That means your financial reserves plus your borrowing capacity. If you give a REALTOR® some basic information about your available savings, income and current debt, he or she can refer you to lenders best qualified to help you. Most lenders – banks and mortgage companies – offer limited choices.
Sometimes the property you are seeking is available but not actively advertised in the market, and it will take some investigation by your agent to find all available properties.
Agents who are REALTORS® have access to a variety of informational resources. REALTORS® can provide local community information on utilities, zoning, schools, etc. There are two things you’ll want to know: First, will the property provide the environment I want for a home or investment? Second, will the property have resale value when I am ready to sell?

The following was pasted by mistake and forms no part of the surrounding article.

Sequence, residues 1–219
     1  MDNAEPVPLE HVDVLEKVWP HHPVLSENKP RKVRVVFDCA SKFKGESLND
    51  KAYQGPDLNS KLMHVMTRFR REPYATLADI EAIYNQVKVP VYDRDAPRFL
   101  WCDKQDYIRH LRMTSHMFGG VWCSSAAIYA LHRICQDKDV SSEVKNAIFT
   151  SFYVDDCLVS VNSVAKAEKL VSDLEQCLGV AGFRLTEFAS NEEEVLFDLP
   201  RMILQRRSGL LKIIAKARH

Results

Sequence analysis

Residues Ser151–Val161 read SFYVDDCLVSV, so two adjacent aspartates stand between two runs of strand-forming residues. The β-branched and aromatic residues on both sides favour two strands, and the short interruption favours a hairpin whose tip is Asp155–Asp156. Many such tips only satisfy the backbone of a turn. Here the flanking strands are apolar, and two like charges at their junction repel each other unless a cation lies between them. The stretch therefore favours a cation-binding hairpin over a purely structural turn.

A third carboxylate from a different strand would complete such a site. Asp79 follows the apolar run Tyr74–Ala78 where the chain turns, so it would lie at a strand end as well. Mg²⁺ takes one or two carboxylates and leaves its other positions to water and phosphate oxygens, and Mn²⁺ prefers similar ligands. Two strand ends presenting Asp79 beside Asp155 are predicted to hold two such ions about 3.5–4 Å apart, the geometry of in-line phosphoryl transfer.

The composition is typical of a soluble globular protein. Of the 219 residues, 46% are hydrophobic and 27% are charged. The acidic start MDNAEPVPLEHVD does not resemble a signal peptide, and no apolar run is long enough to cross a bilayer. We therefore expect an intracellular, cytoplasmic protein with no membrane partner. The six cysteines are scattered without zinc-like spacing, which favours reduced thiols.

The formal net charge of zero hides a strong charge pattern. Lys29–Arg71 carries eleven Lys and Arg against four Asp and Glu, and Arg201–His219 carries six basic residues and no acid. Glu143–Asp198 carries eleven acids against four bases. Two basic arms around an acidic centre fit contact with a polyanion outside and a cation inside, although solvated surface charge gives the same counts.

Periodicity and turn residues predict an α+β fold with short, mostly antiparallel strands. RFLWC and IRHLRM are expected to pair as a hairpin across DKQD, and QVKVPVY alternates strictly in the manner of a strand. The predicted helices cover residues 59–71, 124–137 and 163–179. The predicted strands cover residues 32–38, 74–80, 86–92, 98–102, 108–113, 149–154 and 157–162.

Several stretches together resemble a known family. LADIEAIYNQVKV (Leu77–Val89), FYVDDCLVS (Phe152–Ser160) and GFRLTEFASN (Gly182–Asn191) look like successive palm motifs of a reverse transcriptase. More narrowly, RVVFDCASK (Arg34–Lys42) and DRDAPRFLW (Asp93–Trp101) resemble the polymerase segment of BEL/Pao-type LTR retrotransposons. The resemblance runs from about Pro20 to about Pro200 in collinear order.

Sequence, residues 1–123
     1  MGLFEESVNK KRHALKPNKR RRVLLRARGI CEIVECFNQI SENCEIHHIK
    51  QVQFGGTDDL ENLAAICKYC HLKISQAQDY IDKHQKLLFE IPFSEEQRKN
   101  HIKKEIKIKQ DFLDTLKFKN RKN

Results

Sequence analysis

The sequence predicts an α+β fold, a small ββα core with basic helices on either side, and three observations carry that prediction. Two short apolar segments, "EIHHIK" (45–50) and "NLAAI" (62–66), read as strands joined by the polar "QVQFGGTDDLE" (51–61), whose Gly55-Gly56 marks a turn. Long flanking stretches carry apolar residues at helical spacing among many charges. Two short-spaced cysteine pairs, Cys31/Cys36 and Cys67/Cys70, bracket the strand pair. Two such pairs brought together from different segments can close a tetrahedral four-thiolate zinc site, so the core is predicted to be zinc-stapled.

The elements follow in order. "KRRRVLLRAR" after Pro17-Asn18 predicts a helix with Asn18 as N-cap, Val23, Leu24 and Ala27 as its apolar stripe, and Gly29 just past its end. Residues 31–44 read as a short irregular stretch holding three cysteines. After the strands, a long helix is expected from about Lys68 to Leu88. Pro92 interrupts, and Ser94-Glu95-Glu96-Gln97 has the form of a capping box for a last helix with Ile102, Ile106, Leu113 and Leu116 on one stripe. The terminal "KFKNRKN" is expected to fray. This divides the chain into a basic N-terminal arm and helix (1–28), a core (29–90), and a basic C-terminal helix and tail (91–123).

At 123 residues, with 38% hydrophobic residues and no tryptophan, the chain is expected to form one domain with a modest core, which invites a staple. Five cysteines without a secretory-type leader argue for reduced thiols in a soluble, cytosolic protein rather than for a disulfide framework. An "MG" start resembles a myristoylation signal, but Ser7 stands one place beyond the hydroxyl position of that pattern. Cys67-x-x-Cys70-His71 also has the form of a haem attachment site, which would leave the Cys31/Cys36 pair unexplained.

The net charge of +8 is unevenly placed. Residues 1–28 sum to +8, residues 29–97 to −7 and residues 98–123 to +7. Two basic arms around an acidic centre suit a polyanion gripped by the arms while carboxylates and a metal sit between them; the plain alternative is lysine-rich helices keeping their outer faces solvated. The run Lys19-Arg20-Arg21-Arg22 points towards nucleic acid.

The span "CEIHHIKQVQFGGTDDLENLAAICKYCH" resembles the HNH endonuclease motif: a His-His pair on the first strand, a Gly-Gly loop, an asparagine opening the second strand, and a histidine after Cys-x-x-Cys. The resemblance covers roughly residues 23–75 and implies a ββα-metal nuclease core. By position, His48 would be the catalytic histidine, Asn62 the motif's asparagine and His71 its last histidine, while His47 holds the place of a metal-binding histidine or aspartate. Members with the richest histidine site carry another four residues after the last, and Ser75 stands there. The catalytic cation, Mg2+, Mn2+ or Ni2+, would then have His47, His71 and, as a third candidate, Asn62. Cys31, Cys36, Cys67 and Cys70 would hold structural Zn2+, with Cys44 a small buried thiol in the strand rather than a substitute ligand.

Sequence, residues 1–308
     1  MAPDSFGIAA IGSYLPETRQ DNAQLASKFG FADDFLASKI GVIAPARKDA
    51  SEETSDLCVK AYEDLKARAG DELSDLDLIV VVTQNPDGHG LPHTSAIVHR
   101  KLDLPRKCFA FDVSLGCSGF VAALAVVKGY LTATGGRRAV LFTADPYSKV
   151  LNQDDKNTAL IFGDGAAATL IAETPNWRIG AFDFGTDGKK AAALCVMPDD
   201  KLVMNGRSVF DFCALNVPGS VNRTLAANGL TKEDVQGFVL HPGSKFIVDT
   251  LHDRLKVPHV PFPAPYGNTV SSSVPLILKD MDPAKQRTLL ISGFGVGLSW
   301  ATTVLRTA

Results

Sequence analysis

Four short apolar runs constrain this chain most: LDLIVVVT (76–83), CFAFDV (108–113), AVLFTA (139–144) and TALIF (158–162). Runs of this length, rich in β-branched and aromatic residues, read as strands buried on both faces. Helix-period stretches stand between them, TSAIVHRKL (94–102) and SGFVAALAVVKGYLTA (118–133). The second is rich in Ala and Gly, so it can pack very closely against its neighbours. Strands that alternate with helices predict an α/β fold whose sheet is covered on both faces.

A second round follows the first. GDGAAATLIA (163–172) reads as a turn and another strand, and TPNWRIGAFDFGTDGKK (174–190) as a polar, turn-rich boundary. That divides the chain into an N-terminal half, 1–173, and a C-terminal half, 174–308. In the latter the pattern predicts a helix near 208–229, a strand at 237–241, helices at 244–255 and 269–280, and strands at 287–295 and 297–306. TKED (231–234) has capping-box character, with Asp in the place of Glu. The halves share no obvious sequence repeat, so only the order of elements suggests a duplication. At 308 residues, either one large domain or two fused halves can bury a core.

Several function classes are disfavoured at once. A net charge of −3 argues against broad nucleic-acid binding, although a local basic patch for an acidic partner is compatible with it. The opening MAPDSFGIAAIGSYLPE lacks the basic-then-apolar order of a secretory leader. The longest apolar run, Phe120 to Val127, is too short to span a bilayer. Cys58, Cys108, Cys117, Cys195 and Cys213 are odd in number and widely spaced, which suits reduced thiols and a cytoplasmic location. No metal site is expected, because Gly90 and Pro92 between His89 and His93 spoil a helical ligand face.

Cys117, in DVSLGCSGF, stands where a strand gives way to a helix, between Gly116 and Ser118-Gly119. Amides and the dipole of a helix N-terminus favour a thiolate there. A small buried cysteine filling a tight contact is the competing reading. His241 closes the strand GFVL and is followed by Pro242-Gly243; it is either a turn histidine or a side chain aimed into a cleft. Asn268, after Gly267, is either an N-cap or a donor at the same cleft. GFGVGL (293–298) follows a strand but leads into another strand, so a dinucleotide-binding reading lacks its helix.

There are many negotiating factors, including but not limited to price, financing, terms, date of possession and often the inclusion or exclusion of repairs and furnishings or appliances. The purchase agreement should allow time for you to complete appropriate inspections and investigations of the property before you are bound to complete the purchase. Your agent can advise you as to which investigations and inspections are recommended or required.
Depending on the area and property, this could include inspections for termites, dry rot, asbestos, faulty structure, roof condition, septic tank and well tests, just to name a few. Your REALTOR® can assist you in finding qualified responsible professionals to do most of these investigations and provide you with written reports. You will also want to see a preliminary report on the property title. Title indicates ownership of property and can be mired in confusing status of past owners or rights of access. The title to most properties will have some limitations; for example, easements (access rights) for utilities. Your REALTOR®, title search company or attorney can help you resolve issues that might cause problems at a later date.